Centralized administration is relatively new to South Sudan due to its distinctive colonial history (the British mostly ignored it, declining to establish a local civil administration) and the nearly six decades of marginalization suffered under the Khartoum government. As a result, the 60-odd tribes and hundreds of clans of South Sudan have enjoyed relative freedom in managing their affairs, resulting in strong communities. Instead of replacing these with weak bureaucratic systems, South Sudan should build on them to help it implement the complex, adaptive initiatives crucial to state formation.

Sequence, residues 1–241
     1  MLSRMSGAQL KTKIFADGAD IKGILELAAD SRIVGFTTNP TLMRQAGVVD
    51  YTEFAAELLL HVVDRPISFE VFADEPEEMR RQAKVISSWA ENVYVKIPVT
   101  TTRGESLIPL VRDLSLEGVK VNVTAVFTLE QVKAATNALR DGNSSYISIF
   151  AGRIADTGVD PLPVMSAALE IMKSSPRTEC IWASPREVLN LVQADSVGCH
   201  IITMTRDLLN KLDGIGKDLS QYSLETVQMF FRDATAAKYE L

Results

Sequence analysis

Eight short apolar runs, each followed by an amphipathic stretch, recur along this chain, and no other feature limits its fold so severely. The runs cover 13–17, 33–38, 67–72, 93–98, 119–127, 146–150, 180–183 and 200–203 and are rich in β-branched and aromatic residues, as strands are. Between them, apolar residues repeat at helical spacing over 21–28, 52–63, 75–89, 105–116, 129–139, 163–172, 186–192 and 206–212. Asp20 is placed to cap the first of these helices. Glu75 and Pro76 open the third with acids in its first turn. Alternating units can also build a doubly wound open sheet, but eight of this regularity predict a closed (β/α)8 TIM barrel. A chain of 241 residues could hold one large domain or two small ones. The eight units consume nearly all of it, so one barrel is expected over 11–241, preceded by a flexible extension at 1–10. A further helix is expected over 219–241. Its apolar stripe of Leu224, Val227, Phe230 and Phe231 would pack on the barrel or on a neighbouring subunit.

This is exactly what South Sudan and its friends failed to do in the immediate aftermath of its long war for independence from Khartoum. After the Comprehensive Peace Agreement of 2005 ended more than two decades of a civil war between Sudan’s north and south, the ex-guerilla fighters in the south faced the challenge of establishing institutions of governance from scratch. The peace agreement called for the creation of a semi-autonomous Government of Southern Sudan (GOSS) under the control of the former rebels, all of it financed by the new country’s copious oil wealth. The south’s new rulers created ministries of finance, internal affairs, education, health, and 18 others, all modeled after Great Britain’s, as well as 10 state governments, 78 counties, and hundreds of local administrations. They proposed ambitious targets for these large bureaucracies, which they filled with thousands of ex-combatants lacking the necessary education or experience.